It’s really interesting to start with a passage from the bible considering the colonialism of Christianity in Korea and Japan

 

Oh man. A scene of chaos in the rain and mud. Is it meant to set it up as animalistic and uncontrollable? OH did that body just move. SURE DID. 

 

Sergeant gotta smoke away the trauma

 

What are those flowers, gotta link to mythology/folklore. They look like wailing faces. OH wailing hey

 

Oh a nest. Looks cozy. I’d like a nest. Maybe not a murder nest tho

 

Ah, a dead deer. End of innocence or just showing a way of life? Living off the land. Waste not want not. Oh love. Too heavy for you. Oh god he really falls doesn’t he. Hits head on rock after tumbling a good long way. 

Ah…a naked person eating the deer carcass? Hate that. I wonder if they have a nest. Oh, just nearly naked. We good. 

 

Blame it on the shrooms, that’s fine. 

 

If everyone’s talking about him there’s likely a good reason. YEAH SAY THE RACISTS.

OH MY GOD I thought he was punking him. Two  grown officers are hiding behind furniture and ordering the other one to go out and check. 

 

She angrily washes clothes outside. Is she angry? Or is this flirting? AH. flirting. 

 

Cause yelling is going to solve that lol

 

He won’t look at her. Is it shame? Who farted? Why are you calling your daughter a scatterbrain?? Is it because you’re embarrassed you farted? 

 

Just throwing rocks at cops from a distance, I LOVE HER. she is my hero. If she’s been doing it all morning you think she’d have better aim at this point.

 

Oh she’s getting closer. Not getting much better at it tho. It’s really half assed rock throwing. She must be tired after  being at it all day. Is she gonna attack with that rock. I like her jacket.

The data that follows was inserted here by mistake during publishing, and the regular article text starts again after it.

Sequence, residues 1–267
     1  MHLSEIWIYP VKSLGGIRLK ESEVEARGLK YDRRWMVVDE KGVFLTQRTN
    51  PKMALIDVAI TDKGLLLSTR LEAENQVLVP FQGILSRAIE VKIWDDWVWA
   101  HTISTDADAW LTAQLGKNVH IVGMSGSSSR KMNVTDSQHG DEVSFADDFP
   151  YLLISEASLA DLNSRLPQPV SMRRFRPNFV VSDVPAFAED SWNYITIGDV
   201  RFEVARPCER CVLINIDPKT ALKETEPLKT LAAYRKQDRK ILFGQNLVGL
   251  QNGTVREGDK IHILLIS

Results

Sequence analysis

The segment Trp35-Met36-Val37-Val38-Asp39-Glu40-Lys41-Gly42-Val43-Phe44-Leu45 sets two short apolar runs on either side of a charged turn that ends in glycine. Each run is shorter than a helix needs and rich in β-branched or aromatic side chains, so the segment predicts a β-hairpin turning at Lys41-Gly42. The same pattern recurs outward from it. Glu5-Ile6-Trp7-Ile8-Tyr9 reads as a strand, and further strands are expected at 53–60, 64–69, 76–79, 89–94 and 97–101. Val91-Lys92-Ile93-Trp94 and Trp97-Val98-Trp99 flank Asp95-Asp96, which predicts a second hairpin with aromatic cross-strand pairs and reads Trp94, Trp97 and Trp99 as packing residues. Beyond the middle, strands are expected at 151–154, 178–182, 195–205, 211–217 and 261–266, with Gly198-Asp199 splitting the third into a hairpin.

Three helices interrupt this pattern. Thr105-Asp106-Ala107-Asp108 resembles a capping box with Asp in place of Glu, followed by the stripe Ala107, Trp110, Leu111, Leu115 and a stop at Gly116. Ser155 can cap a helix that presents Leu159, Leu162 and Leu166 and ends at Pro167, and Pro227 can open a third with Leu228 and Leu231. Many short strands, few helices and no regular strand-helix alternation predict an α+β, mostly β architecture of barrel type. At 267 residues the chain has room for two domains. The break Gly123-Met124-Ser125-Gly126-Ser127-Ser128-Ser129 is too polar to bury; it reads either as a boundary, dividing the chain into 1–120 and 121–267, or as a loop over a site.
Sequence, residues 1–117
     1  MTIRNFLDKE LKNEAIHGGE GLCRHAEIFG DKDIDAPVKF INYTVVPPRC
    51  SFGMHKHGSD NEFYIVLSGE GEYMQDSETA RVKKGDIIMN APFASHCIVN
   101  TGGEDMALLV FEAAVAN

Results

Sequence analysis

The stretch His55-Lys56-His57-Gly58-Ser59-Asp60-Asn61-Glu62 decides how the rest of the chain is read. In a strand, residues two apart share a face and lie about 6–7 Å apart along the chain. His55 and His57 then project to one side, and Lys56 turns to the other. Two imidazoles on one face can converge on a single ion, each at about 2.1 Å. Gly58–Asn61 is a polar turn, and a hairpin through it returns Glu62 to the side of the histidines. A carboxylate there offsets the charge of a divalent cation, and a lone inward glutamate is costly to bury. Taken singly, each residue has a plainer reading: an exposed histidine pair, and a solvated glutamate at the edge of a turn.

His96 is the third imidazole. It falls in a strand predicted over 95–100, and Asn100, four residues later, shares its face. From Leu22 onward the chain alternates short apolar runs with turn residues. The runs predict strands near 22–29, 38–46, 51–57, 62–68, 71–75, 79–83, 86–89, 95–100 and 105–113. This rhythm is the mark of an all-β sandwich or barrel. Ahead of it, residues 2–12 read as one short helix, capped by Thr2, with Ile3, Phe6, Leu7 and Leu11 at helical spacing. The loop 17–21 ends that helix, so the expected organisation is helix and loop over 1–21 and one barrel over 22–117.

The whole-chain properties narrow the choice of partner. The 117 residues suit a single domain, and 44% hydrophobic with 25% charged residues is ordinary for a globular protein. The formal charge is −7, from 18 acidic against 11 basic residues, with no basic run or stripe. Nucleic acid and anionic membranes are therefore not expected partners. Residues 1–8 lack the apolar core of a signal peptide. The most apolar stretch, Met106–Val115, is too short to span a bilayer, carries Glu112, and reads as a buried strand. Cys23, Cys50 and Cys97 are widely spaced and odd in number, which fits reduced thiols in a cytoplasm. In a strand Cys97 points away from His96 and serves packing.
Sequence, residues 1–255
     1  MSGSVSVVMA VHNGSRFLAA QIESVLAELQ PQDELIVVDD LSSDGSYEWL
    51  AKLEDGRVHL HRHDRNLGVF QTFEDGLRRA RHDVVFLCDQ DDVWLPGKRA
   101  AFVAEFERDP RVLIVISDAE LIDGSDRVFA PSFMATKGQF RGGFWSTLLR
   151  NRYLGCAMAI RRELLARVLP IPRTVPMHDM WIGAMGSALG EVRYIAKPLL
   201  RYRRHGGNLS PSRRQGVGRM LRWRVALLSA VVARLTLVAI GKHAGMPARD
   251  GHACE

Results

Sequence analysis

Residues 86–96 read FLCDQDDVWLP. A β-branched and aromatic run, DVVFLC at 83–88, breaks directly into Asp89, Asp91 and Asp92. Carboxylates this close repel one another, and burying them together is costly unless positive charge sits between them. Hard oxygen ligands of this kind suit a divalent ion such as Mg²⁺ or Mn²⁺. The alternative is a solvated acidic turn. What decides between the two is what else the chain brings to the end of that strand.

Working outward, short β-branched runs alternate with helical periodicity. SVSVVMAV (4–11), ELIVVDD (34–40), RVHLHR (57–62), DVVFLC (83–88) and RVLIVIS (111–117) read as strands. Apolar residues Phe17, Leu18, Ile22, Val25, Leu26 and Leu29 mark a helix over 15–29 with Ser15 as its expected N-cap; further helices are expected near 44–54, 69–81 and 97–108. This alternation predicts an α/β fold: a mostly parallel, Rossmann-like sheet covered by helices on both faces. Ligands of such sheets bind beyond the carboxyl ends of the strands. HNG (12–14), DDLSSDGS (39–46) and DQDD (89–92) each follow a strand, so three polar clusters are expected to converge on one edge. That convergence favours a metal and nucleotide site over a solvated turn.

I love how she’s just like, fuck you I’m entering this crime scene and you can’t stop me. It’s truly fascinating to see this up against the violence inflicted by US cops- it looks like they’re hesitant to put hands on anyone, as they should be

 

Technology interrupts the folktale moment 

 

Of course she won’t stay there, she’s scared shitless and mysterious. That is not the combo you want in your only eyewitness 

 

Ducks on the ceiling? Are ducks global? 

 

Turning their police caps backwards means they’re about to crime 

 

Did they stop the ritual before it killed the Japanese man? YES thank goodness. That’s right, snuggle up baby

 

What is the role of rain in this movie

 

The shaman feels satisfied that the “rat fell into the trap” but…what if the shaman is the bad one. 

There’s still like a half hour left. There’s gotta be a twist. AHHHHH the shaman has a nose bleed. Something is rotten in the state of denmark. Really just gushing blood. And it’s the lady in white. HA. You thought it was an evil old Japanese man but you were WRONG.

 

Daughter eating everything in sight, again. Love a girl with a healthy appetite 

 

If you’re already convinced he is the devil it doesn’t matter what he says. You came here to confirm your suspicions about me.



Tropes:

Troubling Unchildlike Behavior

Nightmare Fuel Coloring Book



Scale:

Shamanests 



Works Cited:

Sun-Rang, Jan. (2016, June 9). ‘The Wailing’ asks the big questions. Korean JoongAng Daily. https://koreajoongangdaily.joins.com/news/article/article.aspx?aid=3019814

 

Conran, Pierce. (2016, June 9). Interview: The Wailing’s Na Hong-jin, Questions For A Mastermind Of Evil. Screen Anarchy. https://screenanarchy.com/2016/06/interview-the-wailings-na-hong-jin-questions-for-a-mastermind-of-evil.html

 

Grozdanovic, Nikola. (2016, June 27). Interview: ‘The Wailing’ Director Na Hong-jin On Death, Genre, Religion & Comedy. The Playlist. https://theplaylist.net/interview-wailing-director-na-hong-jin-20160627/